The Strengths And Weaknesses That Will Shape Iran's Future

The Long March

By Amin Saikal

Despite being resilient, the Islamic Republic has been fraught with vital weaknesses, contradictions, and vulnerabilities on both domestic and foreign policy fronts.


The two-tiered system of governance has not worked as well as its founder, Ayatollah Khomeini, had intended, giving rise to serious political bifurcation and factionalism, power and personal rivalries, patronage building, bureaucratic and administrative malfunctioning, and systematic corruption. The Islamic system has fostered unpredictable, ad hoc, and uneven processes of social and economic change, electoral irregularities, and state repression. It has, finally, caused a growing gulf between the ruling elites and the public, corresponding to a state-society dichotomy that has alienated many citizens, especially among the post-revolution generation, from the regime, its conservative clerical strands in particular. Although these outcomes have been accentuated since Khomeini's death, they have their foundations in the way that he structured and operationalized the Islamic Republic. As the Supreme Leader and his conservative supporters have maintained their grip on the levers of power and have compelled elected governments to defer to their authority, relations between the two tiers within the system have come into serious tension that has periodically given way to open hostilities.

The conflict between the conservative and the pragmatist and reformist clusters over the disputed result of the 2009 presidential elections clearly underlined this issue. Although the conservative forces prevailed in the crisis, its underlying causes went unresolved. While the anti-extremist and reformist president Hassan Rouhani—more than any of his predecessors—has enjoyed the support of the Supreme Leader for certain domestic and foreign policy reforms, his conservative opponents have not given him a wide berth for implementing his reform agenda. They have continued to constrain Rouhani from shaking up their hold on power by blocking him from going beyond the most necessary of reforms. Although the president commands sizable (although not majority) support within two important institutions—the Majles and the Assembly of Experts—the real power lies with the Supreme Leader and his supporters, who control the bulk of the state's political, coercive, administrative, cultural, and economic structures. The Islamic system of governance is in dire need of streamlining. An obvious and effective way to reform is to allow the will of the people within the publicly mandated government to prevail at the cost of the powers of the Supreme Leader and the Ruhaniyyat stratum. However, this would challenge not only the latter's dominance but also the structures of the entire Islamic system.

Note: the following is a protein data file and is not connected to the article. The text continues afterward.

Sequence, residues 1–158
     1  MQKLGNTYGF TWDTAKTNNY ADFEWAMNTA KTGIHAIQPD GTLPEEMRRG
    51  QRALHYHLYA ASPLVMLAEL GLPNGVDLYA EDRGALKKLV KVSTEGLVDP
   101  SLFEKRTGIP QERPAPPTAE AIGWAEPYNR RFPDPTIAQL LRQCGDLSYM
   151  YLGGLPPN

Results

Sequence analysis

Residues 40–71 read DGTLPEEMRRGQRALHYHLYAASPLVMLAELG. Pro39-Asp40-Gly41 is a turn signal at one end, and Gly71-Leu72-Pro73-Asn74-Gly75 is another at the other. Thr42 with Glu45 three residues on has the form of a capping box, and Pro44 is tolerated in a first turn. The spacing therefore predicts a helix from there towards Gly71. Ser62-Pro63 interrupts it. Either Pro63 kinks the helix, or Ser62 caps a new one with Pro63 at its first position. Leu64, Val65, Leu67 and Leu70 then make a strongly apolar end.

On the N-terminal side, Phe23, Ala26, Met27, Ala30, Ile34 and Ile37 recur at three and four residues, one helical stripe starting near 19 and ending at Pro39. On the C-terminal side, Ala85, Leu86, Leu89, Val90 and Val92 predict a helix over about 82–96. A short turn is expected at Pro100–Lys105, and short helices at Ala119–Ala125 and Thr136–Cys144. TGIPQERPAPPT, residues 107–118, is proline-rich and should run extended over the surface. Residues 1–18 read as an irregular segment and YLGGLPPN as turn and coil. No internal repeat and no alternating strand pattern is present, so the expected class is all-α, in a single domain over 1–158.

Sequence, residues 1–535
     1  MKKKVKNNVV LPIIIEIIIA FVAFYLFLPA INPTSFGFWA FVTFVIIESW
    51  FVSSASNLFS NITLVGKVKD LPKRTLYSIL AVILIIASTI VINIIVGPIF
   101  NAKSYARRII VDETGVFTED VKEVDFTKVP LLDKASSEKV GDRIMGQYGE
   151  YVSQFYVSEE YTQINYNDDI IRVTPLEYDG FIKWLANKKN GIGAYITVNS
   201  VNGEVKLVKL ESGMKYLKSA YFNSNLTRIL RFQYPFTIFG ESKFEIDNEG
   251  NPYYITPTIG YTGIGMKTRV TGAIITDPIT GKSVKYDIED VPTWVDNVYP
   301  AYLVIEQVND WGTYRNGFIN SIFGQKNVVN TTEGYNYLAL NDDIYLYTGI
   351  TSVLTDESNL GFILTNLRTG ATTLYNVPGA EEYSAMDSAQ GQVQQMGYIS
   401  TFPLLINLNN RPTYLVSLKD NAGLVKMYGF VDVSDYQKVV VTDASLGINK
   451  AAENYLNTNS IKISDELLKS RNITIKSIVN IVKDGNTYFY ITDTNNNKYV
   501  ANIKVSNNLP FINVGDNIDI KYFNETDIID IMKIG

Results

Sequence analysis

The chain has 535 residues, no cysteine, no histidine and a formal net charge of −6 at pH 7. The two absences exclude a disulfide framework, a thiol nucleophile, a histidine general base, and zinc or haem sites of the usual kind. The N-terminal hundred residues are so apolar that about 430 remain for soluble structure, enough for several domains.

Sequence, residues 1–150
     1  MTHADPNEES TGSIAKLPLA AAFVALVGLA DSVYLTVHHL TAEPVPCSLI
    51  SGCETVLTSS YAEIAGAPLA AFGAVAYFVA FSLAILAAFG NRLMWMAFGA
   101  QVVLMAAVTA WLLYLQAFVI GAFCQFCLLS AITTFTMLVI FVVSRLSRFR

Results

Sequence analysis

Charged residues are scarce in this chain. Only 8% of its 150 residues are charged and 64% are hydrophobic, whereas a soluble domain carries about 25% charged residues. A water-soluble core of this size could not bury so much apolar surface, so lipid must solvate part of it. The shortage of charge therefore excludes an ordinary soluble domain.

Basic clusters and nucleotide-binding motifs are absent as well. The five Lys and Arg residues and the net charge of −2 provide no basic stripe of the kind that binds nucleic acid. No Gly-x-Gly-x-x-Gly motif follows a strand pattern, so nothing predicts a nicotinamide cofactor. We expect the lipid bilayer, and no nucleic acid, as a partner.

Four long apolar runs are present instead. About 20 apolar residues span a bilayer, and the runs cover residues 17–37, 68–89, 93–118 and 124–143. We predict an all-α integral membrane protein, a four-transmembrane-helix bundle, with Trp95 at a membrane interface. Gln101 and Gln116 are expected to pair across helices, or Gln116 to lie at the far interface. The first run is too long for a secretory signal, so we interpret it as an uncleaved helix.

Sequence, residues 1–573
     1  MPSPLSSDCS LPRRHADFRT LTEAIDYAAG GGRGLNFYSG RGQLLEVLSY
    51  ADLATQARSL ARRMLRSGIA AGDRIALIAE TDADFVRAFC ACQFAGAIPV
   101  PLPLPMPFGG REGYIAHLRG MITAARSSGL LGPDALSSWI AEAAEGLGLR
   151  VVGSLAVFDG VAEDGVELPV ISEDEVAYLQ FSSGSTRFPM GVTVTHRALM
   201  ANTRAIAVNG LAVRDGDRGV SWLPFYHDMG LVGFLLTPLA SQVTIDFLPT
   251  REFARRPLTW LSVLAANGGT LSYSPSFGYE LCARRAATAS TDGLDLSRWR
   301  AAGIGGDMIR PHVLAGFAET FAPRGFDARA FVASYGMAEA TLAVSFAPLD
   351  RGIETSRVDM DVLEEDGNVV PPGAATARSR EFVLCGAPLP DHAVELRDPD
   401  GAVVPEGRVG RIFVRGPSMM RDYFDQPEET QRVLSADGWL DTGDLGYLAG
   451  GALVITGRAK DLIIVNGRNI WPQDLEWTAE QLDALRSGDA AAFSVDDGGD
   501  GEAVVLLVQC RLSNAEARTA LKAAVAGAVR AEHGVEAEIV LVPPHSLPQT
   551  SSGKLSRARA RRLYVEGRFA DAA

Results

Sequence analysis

The Islamic Republic's economic record poses another source of vulnerability. As it stands, the system has not proven to be conducive to a mode of social and economic development that could ensure that the growth of the Iranian polity accords with the enormous potential afforded by its human and natural resources. In many ways, its leadership has made it harder for the state to fulfil the expectations of a majority of the Iranian population. The Islamic Republic's processes of change and development have been marred by a heavy top-down approach, enabling the ruling clerics, bonyads, Sepah, and companies linked to these powerful forces to use their positions for personal, theological, political, and economic gains. Such patrimonial, nepotistic, corrupt practices, which have permeated the state and society in different ways, have resulted in socioeconomic disparities and inequalities that rival the people's suffering under the Shah's rule, which Khomeini had promised that an Islamic government would alleviate.

These imbalances have seriously affected the Islamic Republic's ability to develop its economic and hard- and soft-power capabilities to the maximum benefit of its citizens. Although there is no absolute poverty and the rural inhabitants (26 percent of the total population in 2016) enjoy better living conditions than under the monarchy, an estimated 40 percent of Iranians continue to live below the unofficial poverty line. This is especially jarring in light of the abundance of natural resources (oil and gas), as well as the trained manpower, with which Iran is endowed.